Computational Geometry
Fall,
20102011
Prof.
Klara kedem
Office hours: by email klara@cs.bgu.ac.il
Announcement
10.1.2011 Your final grades moed alef are on my door
Announcement
10.11.10 : All graduate students (MSc,
PhD) can take one exam in moed A or B
Assignment 5 is now online
previous assignments 1, 2,
3 , 4
And solutions sol1, sol2, sol3, sol4, sol5 was wrong! so I put sol4 again!!
Announcement
23.11.10 : îåòã à 9.1.11 áúàøéê åîåòã á
16.2.11 áúàøéê
Course
prerequisites: Algorithms
Level:
Advanced, BA, BSc, and higher degrees
Course
Description
Computational Geometry is the
study of algorithms for solving geometric problems. The core of the field
consists of a set of techniques for the design and analysis of such
algorithms. It has deep connections to classical mathematics, theoretical
computer science, and practical applications, that arise, e.g., in areas like
statistics, computer vision, graphics, engineering, and more. The problems
dealt with are typically posed as queries on sets of geometric objects, such
as points, segments and polygons in the plane, or points, segments and polytopes in higher dimensions.
Tentative Scope of
the Course
In this course we will cover lines' and polygons' intersection
problems, convex hulls, point location and range queries, proximity problems
(Voronoi diagrams and Delaunay triangulations) and
geometric optimization. We will study a variety of techniques, such as the sweepline paradigm, divide and conquer, and randomized
algorithms. We will learn some geometric data structures. We will deal with
applications of computational geometry to image matching, collision free
robot's motion planning, and more.
Homework and grading
(tentative):
There will be up to 6 written homework assignments 
for a total of 20 grade points.
Textbook:
The course’ textbook is
``Computational Geometry: Algorithms and Applications'', by M. de Berg, M.
van Kreveld,M. Overmars and O. Schwarzkopf, SpringerVerlag,
3^{rd} edition 2008, also in paperback.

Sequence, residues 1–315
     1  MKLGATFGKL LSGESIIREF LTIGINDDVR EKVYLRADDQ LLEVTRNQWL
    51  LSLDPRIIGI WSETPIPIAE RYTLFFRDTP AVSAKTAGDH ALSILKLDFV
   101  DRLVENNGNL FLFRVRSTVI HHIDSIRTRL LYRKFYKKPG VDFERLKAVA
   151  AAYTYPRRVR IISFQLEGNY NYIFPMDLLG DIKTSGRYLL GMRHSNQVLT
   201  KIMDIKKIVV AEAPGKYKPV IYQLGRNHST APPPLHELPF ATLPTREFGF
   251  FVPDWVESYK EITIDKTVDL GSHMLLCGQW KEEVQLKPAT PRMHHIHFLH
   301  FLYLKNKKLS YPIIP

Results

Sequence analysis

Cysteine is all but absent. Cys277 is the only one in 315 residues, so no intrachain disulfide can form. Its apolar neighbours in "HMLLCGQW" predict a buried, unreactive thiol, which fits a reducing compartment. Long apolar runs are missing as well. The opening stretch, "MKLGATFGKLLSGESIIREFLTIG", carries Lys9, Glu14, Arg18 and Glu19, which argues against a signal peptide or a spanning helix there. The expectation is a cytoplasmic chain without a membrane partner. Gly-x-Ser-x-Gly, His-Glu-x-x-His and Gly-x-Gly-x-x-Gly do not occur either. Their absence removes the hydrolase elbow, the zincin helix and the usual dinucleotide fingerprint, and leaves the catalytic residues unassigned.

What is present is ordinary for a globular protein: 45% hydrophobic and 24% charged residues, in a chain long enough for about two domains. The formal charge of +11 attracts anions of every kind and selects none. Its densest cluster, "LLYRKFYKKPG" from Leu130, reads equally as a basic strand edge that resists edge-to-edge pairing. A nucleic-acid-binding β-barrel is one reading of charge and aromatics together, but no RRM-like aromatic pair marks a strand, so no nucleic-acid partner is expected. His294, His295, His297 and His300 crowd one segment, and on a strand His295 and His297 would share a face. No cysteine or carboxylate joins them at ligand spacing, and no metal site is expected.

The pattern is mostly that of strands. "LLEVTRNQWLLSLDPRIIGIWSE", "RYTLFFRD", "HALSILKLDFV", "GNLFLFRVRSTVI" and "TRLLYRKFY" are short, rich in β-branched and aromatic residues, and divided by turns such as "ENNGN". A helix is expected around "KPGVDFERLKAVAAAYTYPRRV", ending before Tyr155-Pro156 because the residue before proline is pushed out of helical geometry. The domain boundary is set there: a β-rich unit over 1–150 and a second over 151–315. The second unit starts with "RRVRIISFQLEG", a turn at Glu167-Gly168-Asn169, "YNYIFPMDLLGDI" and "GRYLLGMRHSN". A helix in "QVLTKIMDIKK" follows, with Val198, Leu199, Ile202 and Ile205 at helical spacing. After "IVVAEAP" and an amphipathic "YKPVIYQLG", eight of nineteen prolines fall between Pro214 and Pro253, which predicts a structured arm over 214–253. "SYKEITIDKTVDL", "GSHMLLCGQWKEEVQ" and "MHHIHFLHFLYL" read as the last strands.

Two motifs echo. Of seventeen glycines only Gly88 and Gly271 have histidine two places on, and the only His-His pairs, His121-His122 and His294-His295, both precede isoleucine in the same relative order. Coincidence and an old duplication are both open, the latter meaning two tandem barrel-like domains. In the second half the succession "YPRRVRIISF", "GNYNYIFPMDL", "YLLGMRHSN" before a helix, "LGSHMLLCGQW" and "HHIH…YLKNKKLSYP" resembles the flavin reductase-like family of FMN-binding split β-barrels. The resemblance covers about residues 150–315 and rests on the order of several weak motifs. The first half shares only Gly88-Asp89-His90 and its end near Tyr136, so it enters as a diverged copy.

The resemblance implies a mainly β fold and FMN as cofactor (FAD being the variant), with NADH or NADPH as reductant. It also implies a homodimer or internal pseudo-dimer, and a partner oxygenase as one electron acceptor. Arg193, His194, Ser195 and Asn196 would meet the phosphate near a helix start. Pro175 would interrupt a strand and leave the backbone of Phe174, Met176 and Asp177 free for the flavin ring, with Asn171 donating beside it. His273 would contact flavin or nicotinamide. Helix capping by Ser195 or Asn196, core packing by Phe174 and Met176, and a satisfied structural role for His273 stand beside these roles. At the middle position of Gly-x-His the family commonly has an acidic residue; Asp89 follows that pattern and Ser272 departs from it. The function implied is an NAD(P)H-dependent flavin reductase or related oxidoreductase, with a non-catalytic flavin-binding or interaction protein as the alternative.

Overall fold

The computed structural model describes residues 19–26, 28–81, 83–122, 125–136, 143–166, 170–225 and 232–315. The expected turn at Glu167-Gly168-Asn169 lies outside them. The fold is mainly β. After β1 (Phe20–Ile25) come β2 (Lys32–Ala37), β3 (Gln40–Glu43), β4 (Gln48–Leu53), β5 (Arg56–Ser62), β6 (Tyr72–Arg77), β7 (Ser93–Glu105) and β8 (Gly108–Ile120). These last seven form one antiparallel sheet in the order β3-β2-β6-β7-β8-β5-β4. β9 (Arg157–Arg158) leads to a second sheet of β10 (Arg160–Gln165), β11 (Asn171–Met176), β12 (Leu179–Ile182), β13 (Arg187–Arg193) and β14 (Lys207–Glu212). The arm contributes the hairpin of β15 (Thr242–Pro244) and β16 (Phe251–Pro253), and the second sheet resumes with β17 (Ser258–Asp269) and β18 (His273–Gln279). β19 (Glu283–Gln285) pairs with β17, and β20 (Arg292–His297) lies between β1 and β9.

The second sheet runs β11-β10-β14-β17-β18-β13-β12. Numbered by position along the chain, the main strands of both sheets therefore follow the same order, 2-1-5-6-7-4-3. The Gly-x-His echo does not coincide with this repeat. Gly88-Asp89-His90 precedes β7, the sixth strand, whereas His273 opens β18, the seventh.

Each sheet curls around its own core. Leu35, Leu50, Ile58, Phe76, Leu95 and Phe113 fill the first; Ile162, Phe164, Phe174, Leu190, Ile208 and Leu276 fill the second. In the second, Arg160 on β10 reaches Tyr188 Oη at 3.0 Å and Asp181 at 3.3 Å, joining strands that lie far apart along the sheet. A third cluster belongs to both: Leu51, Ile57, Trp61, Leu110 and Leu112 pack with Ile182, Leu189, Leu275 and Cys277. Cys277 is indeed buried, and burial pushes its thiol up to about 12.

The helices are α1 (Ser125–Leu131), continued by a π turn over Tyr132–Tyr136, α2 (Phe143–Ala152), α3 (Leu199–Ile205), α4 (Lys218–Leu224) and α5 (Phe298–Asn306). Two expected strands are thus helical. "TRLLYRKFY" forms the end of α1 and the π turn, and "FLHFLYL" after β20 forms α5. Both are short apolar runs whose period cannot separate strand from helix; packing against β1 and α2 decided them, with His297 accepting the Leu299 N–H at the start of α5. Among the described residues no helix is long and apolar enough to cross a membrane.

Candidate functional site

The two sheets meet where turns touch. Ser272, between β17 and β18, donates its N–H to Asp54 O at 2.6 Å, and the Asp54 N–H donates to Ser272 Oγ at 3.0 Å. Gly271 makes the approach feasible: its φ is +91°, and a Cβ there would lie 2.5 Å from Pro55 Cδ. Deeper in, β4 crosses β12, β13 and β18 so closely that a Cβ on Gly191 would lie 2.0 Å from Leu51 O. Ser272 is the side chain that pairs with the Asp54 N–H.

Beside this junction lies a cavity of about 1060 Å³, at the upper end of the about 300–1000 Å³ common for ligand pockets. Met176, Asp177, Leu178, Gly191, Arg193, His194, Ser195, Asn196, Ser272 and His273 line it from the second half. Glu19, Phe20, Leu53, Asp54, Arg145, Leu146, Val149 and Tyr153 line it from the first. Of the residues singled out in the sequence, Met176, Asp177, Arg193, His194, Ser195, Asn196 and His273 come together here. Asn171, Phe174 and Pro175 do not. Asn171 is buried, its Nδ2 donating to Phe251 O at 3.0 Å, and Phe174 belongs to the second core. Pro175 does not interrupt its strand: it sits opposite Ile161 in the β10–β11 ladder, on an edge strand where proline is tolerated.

There
are 5 copies of the textbook in the Arrane library,
search for “author” “de Berg and Overmars” – the
book does not show up in search of “title” “computational geometry : algorithms
and applications”
Other books that cover
some of the topics:
· [CLR]
Cormen, Leiserson and Rivest, ``Introduction to Algorithms'', MIT Press, 1991.
· [Me]
K. Mehlhorn, ``Data Structures and Algorithms
3:Multidimensional Searching and Computational
geometry'', SpringerVerlag, 1984.
· [OR]
J. O'Rourke, ``Computational Geometry in C'', SpringerVerlag,
1994.
·
[PS] F. Preparata and M.I. Shamos,
``Computational Geometry'', SpringerVerlag, 1988.
Schedule + book chapters
from previous years
Notice: This is a
tentative schedule which might get updated.
Topics

Date

Chapter numbers are from the course’ textbook [DKOS] above

Introduction. Motivation and an example: a convex
hull.
On the idea of general position and the issue of
robustness. Application domains.

11/10/10

beginning of the textbook and Chapter 1.1, 1.2,
1.3, & [PS]

The sign test and its usage in geometric problems.
Logarithmic time algorithms for queries on convex polygons.
Segment intersection and the sweepline
paradigm.

13/10/10

Chapter 2.

Detecting/reporting all the intersections among n line
segments.
The doubly connected edge list  a data structure for
planar graphs.

18/10/10

[CLR] pp. 886891
Chapters 2.1, 2.2

Planar subdivisions. Proof of
complexity of a planar graph.
Computing the overlay of two subdivisions.

20/10/10

Chapter 2.3

Halfplane intersections and linear programming in small
dimensions. Backward analysis

25/10/10

Chapters 4.24.5

Orthogonal range searching, range trees,
kd trees. Quad trees
Fractional
cascading.

27/10/10
3/11/10
5/11/10

Chapters
5.1 5.3
Chapter 5.6
PPT on Frac_Casc

Point location. Vertical decomposition, proof of O(log(n)
expected search time, by backward analysis

8/11/10
10/11/10

6.16.2

Voronoi diagrams,
practical examples definitions, properties, the empty circle of L_{1}, L_{2}, L_{∞}
Fortune's
algorithm.

15/11/10
17/11/10

Chapters 7.17.3
[OR]

The minimum Hausdorff
distance. Rasterized HD following the theoretical algorithm,
GPU application, and partial HD including outlier

22/11/10
24/11/10
29/11/10

Sections 1+2 of the attached paper1 and paper2

Delaunay triangulation

29/11/10
1/12/10

Chapter 9.19.2

Arrangements and duality,
the zone thm

1/12/10
6/12/10

Chapter 8.28.3

end of proof, examples, levels

8/12/10


The geometry of axis parallel rectangles
Segment
trees, Klee's measure

8/12/10
13/12/10

10.1,10.3
[Me] pp. 212218.

interval
trees

15/12/10

10.1,10.3

Minkowski sums and Robot
motion planning

20/12/10
22/12/10

Chapter 13.113.4

Convex hull of points in 3D

22/12/10
27/12/10

Chapter 11

Suggested – a class training exam

29/12/10


Suggested – a class moed alef exam

5/1/11



Links
 A visual implementation of Fortune's Voronoi algorithm. Click on Fortune
alg.
 VoroGlide
allows to watch how the structure of the Voronoi diagram/Delaunay triangulation/convex hull
changes as individual points are dragged across the plane. Click on VoroGlide
 See applet of Delaunay and Voronoi diagrams on APPLET
 Duality in : http://www.cs.unc.edu/~mantler/research/dual/